Advertisement

First fossil facial tumor found in duck-billed dinosaur

"This discovery is the first ever described in the fossil record," said researcher Kate Acheson.

By Brooks Hays
First fossil facial tumor found in duck-billed dinosaur
A portrait of the young hadrosaur shows a slight growth on its lower jaw. Photo by Mihai Dumbravă/Southampton University

SOUTHAMPTON, England, July 5 (UPI) -- Scientists have unearthed the first fossilized facial tumor. The ancient facial growth belongs to Telmatosaurus transsylvanicus, one of the earliest hadrosaur species -- a duck-billed dinosaur.

The tumor is an ameloblastoma, a benign type of growth found in the jaws of humans, mammals and reptiles. Neither it nor any other type of facial tumor has ever before been seen among fossilized animals.

Advertisement

"This discovery is the first ever described in the fossil record and the first to be thoroughly documented in a dwarf dinosaur," researcher Kate Acheson, a PhD student at the University of Southampton, said in a news release. "Telmatosaurus is known to be close to the root of the duck-billed dinosaur family tree, and the presence of such a deformity early in their evolution provides us with further evidence that the duck-billed dinosaurs were more prone to tumors than other dinosaurs."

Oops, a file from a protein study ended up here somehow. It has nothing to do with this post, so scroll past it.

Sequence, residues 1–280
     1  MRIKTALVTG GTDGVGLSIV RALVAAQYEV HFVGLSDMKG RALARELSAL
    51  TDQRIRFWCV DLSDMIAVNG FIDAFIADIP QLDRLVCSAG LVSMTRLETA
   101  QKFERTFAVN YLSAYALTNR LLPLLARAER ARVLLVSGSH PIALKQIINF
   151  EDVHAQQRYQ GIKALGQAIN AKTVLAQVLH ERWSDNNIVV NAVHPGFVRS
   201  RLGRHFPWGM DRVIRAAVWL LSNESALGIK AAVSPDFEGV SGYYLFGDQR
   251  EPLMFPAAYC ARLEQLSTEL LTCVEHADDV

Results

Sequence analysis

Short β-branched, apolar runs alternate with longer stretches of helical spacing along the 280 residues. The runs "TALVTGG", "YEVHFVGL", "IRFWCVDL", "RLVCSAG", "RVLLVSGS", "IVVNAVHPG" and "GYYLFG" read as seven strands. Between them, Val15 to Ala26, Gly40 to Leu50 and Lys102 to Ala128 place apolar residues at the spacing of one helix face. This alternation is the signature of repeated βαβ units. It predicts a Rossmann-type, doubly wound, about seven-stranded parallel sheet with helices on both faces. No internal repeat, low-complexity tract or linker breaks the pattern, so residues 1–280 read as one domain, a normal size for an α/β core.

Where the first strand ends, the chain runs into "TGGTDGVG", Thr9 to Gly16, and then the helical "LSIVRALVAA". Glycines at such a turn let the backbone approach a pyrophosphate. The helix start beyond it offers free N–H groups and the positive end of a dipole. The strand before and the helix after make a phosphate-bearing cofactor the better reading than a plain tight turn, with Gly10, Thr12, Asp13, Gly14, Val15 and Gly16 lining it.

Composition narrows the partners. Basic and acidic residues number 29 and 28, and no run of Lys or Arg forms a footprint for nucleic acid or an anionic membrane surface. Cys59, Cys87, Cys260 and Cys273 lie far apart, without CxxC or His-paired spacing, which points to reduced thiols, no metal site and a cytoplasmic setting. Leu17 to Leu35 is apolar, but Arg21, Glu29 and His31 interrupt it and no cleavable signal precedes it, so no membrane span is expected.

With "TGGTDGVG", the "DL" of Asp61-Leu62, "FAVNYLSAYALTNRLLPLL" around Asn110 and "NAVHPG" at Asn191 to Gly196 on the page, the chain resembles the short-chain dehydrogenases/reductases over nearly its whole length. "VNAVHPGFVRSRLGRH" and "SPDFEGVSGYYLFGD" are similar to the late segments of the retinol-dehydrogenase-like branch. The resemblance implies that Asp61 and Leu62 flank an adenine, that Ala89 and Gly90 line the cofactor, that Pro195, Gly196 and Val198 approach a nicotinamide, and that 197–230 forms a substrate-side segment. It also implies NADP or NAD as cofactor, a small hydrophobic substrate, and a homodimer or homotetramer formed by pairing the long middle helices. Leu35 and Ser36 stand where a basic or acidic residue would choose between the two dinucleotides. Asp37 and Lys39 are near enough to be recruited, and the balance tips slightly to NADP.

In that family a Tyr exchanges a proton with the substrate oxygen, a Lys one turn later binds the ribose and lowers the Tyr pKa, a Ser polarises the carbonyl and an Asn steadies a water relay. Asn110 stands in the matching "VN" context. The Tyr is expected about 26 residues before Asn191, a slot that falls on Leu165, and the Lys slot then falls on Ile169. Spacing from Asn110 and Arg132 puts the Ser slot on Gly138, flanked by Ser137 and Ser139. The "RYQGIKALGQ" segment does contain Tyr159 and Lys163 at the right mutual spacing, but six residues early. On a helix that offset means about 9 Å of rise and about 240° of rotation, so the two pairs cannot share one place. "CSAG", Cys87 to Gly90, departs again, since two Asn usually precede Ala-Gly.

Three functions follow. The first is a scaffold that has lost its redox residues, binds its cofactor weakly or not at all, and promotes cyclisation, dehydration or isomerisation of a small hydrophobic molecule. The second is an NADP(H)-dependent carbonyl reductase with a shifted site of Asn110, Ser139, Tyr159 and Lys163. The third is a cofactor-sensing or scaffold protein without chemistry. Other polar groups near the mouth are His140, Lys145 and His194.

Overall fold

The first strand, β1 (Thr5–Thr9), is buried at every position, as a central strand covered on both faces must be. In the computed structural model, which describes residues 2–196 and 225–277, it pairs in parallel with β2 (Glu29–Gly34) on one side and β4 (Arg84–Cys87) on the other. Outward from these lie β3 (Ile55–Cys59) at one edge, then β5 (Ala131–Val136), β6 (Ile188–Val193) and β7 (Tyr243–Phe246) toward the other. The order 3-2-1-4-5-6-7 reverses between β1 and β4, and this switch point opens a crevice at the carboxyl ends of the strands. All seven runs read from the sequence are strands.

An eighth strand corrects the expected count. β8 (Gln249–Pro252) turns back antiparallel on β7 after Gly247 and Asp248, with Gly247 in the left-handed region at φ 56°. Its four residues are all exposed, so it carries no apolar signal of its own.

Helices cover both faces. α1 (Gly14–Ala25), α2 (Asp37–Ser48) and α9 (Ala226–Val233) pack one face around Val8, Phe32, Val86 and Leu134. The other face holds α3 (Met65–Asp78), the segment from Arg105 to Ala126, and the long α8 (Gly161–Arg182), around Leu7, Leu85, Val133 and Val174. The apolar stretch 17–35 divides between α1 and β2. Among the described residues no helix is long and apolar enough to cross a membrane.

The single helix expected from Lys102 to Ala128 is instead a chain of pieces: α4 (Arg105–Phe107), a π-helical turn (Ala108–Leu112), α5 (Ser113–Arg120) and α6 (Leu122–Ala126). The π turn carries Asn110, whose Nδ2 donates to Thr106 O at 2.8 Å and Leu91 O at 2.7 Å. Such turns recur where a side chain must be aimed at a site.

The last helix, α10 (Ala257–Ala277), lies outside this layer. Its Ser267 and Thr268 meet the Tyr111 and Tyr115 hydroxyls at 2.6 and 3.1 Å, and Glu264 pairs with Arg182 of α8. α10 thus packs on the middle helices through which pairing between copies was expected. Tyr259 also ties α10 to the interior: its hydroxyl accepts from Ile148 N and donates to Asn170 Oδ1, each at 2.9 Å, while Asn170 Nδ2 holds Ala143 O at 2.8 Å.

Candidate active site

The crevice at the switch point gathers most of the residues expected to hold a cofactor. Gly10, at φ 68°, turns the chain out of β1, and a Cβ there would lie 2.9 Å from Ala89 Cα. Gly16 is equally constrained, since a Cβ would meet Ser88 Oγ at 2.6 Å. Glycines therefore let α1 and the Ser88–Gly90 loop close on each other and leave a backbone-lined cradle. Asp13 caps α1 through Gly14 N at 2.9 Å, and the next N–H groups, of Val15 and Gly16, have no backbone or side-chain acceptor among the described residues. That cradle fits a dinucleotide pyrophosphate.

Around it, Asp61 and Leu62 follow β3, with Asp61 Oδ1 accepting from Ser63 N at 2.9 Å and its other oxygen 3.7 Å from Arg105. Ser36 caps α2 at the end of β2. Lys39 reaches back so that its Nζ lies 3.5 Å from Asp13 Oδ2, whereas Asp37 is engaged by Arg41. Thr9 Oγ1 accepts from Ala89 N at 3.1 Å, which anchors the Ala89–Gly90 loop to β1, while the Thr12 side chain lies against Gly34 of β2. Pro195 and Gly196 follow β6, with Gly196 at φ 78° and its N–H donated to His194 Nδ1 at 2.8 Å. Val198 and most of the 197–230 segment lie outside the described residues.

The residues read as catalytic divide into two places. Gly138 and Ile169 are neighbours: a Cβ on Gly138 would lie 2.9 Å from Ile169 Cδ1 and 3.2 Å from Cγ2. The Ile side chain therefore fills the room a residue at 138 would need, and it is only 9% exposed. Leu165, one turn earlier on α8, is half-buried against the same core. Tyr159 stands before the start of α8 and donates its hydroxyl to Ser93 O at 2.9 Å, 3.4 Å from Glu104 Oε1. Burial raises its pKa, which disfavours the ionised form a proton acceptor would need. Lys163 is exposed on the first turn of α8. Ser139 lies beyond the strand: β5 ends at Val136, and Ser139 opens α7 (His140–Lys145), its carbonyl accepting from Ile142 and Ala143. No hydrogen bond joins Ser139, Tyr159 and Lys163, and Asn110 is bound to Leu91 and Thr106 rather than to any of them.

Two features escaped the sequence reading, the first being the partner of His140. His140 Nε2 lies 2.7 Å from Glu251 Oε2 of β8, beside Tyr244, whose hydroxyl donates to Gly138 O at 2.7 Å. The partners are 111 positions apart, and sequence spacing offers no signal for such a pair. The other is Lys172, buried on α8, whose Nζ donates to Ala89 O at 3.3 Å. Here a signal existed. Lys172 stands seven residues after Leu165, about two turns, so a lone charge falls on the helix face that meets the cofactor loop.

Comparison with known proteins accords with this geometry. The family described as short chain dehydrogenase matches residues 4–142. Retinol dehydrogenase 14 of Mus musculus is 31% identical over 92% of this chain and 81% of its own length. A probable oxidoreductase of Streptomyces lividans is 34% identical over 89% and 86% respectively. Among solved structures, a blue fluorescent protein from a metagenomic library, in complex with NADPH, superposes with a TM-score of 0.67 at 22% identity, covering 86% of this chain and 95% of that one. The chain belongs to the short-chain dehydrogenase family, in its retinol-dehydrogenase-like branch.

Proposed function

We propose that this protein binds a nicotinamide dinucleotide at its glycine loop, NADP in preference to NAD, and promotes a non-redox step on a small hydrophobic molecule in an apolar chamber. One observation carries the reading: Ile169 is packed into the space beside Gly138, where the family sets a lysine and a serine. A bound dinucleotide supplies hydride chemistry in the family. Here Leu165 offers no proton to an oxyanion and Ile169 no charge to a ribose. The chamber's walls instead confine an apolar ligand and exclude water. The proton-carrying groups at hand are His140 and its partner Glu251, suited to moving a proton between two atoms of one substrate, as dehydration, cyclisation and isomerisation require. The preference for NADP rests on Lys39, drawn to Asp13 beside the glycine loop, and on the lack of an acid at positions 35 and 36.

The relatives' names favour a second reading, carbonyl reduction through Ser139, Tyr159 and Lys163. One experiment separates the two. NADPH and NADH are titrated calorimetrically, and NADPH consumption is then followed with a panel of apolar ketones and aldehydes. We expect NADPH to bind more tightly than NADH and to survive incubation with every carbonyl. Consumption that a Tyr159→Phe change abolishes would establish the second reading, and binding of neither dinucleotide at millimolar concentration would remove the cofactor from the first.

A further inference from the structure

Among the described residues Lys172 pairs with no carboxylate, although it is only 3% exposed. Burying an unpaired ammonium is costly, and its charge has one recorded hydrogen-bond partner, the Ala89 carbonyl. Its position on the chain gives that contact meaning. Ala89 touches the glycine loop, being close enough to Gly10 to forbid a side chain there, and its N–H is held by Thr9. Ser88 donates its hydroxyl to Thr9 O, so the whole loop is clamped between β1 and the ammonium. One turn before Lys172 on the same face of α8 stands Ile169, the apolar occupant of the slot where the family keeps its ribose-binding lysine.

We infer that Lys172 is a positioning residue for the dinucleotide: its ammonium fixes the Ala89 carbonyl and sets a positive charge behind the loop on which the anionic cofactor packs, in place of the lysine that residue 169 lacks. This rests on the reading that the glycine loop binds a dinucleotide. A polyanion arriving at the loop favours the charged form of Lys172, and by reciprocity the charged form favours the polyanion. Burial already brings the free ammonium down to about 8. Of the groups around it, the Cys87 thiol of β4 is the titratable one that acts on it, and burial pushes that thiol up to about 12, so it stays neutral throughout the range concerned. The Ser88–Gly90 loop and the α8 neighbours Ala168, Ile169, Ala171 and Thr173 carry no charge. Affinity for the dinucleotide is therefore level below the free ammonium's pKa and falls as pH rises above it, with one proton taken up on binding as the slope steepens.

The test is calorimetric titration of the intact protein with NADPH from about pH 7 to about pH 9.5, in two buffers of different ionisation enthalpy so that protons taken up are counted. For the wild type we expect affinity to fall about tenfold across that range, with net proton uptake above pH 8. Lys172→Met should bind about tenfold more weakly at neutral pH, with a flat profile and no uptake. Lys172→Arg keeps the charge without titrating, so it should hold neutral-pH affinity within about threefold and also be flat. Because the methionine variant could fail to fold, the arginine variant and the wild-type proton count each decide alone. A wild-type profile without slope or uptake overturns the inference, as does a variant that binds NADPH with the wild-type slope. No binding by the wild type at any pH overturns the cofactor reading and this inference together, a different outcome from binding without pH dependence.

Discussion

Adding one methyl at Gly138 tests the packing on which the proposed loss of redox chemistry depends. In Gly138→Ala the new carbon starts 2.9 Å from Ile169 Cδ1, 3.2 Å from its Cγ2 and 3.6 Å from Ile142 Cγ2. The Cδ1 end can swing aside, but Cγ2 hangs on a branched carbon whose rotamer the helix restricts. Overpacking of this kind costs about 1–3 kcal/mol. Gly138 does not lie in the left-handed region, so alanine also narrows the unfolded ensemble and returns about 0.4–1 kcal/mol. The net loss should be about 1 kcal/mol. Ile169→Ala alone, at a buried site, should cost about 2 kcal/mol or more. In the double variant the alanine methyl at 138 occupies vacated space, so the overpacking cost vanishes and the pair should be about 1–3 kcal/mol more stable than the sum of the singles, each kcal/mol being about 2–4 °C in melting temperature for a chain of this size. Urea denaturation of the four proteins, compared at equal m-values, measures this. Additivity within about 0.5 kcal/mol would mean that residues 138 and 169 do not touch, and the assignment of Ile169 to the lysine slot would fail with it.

The fossil -- dated between 69 million and 67 million years old -- hails from the Late Cretaceous period. It was discovered in a geopark in western Romania.

RELATED Dinosaur extinction event took out polar creatures, too

Because the fossil remains are incomplete, paleontologists can't be certain how the adolescent hadrosaur met its end. It's possible the dinosaur's facial growth played a role.

Advertisement

"We know from modern examples that predators often attack a member of the herd that looks a little different or is even slightly disabled by a disease," explained researcher Zoltán Csiki-Sava. "The tumor in this dinosaur had not developed to its full extent at the moment it died, but it could have indirectly contributed to its early demise."

Researchers detailed their discovery in the journal Scientific Reports.

RELATED Evolutionary origins of Hispaniolan solenodon predates dino extinction

RELATED Study: Volcanoes aren't to blame for dinosaur die-off

RELATED Dinosaur families left Europe during Early Cretaceous

Latest Headlines

Advertisement
Advertisement

Follow Us

Advertisement